Below is the review I gave to Brain Tumours for Dummys by Daniel Lewis. Due to the nature of amazon's review policy, I kept any hint of knowing the background to this author out of it. I did not know Dan, but one of his nieces has been my youngest daughter's best friend since Reception year - they are now at college(!) - and through that link I have got to know a few of the family. I have known of his battle with this tumour for a while, usually via the Facebook updates from his sister and it was through her I also discovered he had written a book. Sadly Dan passed away recently and I finally got round to purchasing his story. I wish I'd bought it sooner. Everything I say below is an honest opinion, regardless of the small link I have to the family. I would urge anyone to read it. It puts so many of life's problems in perspective and makes you appreciative of what you have.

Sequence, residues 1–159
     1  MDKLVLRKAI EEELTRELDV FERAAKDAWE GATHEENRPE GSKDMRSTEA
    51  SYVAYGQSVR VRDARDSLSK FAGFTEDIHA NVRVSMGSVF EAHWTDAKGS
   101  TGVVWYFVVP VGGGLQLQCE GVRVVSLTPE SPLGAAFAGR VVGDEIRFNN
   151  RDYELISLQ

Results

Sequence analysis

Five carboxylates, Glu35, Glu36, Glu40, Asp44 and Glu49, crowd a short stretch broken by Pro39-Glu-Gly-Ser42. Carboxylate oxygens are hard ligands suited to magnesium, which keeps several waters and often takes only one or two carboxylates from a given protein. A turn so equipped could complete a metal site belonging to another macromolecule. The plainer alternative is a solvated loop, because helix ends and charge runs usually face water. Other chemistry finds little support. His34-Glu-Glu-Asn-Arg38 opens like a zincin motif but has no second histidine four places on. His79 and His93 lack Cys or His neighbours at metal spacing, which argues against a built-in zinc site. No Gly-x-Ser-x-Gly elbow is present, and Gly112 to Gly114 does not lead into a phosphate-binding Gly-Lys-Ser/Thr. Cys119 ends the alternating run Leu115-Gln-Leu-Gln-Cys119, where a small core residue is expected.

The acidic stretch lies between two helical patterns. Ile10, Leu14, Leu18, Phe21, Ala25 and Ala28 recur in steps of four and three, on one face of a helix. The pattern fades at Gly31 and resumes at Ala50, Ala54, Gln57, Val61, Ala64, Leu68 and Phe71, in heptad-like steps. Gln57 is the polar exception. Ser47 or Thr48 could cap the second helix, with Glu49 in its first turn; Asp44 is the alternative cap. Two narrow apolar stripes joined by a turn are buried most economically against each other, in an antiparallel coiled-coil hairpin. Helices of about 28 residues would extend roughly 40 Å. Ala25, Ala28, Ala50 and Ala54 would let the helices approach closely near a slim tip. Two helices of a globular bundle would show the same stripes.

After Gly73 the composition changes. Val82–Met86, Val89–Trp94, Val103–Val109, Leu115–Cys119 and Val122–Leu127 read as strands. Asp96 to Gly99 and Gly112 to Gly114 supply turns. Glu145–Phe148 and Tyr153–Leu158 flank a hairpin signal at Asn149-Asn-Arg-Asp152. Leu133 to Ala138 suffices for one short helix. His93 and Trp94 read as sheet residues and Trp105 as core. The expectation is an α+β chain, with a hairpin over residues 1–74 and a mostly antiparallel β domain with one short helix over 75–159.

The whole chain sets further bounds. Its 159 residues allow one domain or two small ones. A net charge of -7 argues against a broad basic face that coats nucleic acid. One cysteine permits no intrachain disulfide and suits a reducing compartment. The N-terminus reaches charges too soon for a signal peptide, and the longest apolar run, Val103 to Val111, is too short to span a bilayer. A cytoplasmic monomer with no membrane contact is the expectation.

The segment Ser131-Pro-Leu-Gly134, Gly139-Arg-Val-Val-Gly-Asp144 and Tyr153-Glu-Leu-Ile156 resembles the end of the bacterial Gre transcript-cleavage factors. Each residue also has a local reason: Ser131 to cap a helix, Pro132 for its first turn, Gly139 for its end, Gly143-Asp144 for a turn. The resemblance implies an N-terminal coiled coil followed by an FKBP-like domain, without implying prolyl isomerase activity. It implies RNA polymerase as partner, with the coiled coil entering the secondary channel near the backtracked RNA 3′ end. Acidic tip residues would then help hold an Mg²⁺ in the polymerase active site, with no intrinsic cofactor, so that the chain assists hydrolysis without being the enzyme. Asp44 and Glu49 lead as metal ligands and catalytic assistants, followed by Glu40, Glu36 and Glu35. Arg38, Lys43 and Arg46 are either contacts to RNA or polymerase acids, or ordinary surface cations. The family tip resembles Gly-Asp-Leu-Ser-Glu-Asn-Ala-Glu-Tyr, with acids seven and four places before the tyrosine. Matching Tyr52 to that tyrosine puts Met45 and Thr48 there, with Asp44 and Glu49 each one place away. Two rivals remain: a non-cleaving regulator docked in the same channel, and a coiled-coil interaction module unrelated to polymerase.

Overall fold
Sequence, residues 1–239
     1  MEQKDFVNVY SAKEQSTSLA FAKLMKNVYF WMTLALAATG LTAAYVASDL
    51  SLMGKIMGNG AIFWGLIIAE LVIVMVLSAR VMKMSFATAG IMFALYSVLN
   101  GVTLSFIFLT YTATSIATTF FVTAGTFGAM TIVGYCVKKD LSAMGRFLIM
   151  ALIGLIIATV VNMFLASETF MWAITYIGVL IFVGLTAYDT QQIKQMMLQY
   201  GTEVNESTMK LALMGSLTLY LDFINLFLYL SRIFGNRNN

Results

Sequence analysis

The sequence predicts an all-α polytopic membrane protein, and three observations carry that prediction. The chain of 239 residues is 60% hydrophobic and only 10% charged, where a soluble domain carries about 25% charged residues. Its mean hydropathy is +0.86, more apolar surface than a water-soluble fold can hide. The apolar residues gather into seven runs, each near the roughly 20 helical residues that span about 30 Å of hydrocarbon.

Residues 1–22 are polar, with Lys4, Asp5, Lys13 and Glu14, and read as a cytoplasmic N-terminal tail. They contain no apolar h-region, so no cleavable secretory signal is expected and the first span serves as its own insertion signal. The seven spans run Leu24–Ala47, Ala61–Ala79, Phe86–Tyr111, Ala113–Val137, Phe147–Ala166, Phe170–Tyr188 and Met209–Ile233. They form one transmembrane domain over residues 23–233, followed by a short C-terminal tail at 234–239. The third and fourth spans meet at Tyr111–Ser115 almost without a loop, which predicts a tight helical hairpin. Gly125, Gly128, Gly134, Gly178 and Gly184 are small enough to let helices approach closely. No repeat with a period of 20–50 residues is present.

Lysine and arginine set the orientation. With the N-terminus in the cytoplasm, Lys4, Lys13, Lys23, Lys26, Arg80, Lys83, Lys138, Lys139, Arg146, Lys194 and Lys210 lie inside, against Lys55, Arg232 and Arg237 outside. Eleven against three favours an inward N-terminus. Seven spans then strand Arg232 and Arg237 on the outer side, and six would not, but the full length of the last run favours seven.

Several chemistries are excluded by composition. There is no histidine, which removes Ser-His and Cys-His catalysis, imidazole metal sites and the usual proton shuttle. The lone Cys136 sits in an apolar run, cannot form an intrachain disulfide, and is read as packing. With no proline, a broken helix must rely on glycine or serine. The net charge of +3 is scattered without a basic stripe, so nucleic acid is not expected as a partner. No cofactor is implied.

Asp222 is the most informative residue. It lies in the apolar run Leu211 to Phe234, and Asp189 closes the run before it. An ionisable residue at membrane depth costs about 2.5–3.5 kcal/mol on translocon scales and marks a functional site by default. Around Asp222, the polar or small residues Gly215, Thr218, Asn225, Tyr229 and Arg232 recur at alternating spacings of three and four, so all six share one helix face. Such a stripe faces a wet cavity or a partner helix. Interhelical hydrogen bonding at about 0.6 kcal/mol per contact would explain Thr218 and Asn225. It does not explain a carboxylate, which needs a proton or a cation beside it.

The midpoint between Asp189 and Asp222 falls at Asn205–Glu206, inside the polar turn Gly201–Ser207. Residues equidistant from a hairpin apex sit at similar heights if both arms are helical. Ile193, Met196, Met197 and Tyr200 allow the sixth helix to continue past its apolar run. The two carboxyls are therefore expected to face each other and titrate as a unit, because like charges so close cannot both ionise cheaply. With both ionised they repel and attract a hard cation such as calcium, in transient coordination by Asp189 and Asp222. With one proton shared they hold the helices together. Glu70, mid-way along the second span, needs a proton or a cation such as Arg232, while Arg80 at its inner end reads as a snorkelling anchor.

It also brought to mind an old friend of mine, and one of my husband's childhood friends, who also succumbed to a brain tumour at the age of only 29. We still keep in touch with his Mum and even now, see how much of a loss he is to her and always will be. To witness a parent losing a child at any age is tough.
This book was written before Dan lost his battle but it is not depressing, despite the subject matter. He has provided an honest account of how he coped and there is much in there that might help anybody else going through the same sort of thing; not least all the addresses and organisations which offer support listed at the back. There is also much to raise a smile. I know the family are proud of him and, having read this, rightly so.
Brain Tumours for Dummys by Daniel Lewis
My rating: 5 of 5 stars
Powerful and Moving
A raw and honest personal account. Despite the horrors of living with a brain tumour, Dan writes with an inspirational and entertaining style. He shares the lows of radiotherapy with the highs of becoming a father of triplets, the ignorance and selfishness of neighbours from hell with the undeserving love and loyalty of family. His is a story that deserves to be shared.